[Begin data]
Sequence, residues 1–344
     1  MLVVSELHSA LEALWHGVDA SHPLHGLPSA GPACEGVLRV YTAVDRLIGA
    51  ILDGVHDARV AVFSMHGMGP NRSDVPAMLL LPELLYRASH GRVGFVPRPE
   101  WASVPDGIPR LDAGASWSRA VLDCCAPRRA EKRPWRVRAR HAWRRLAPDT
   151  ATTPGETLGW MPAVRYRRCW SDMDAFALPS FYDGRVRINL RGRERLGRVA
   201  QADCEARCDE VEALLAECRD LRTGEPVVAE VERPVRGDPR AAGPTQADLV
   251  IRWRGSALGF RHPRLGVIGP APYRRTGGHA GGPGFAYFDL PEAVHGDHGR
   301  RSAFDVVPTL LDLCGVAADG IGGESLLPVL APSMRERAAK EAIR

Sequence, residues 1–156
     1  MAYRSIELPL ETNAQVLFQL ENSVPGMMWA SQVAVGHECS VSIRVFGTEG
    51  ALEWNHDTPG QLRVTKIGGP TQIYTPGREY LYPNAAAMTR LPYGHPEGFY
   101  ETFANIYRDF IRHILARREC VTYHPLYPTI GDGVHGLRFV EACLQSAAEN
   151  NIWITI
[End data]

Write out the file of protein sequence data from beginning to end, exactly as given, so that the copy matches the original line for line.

Sequence, residues 1–344
     1  MLVVSELHSA LEALWHGVDA SHPLHGLPSA GPACEGVLRV YTAVDRLIGA
    51  ILDGVHDARV AVFSMHGMGP NRSDVPAMLL LPELLYRASH GRVGFVPRPE
   101  WASVPDGIPR LDAGASWSRA VLDCCAPRRA EKRPWRVRAR HAWRRLAPDT
   151  ATTPGETLGW MPAVRYRRCW SDMDAFALPS FYDGRVRINL RGRERLGRVA
   201  QADCEARCDE VEALLAECRD LRTGEPVVAE VERPVRGDPR AAGPTQADLV
   251  IRWRGSALGF RHPRLGVIGP APYRRTGGHA GGPGFAYFDL PEAVHGDHGR
   301  RSAFDVVPTL LDLCGVAADG IGGESLLPVL APSMRERAAK EAIR

Sequence, residues 1–156
     1  MAYRSIELPL ETNAQVLFQL ENSVPGMMWA SQVAVGHECS VSIRVFGTEG
    51  ALEWNHDTPG QLRVTKIGGP TQIYTPGREY LYPNAAAMTR LPYGHPEGFY
   101  ETFANIYRDF IRHILARREC VTYHPLYPTI GDGVHGLRFV EACLQSAAEN
   151  NIWITI